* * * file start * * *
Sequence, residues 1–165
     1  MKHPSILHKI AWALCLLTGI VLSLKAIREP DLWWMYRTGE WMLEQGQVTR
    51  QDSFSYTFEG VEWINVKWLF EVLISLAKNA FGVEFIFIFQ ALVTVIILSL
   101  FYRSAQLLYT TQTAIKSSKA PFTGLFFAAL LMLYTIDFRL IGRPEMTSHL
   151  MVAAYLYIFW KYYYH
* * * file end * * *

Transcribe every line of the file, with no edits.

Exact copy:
Sequence, residues 1–165
     1  MKHPSILHKI AWALCLLTGI VLSLKAIREP DLWWMYRTGE WMLEQGQVTR
    51  QDSFSYTFEG VEWINVKWLF EVLISLAKNA FGVEFIFIFQ ALVTVIILSL
   101  FYRSAQLLYT TQTAIKSSKA PFTGLFFAAL LMLYTIDFRL IGRPEMTSHL
   151  MVAAYLYIFW KYYYH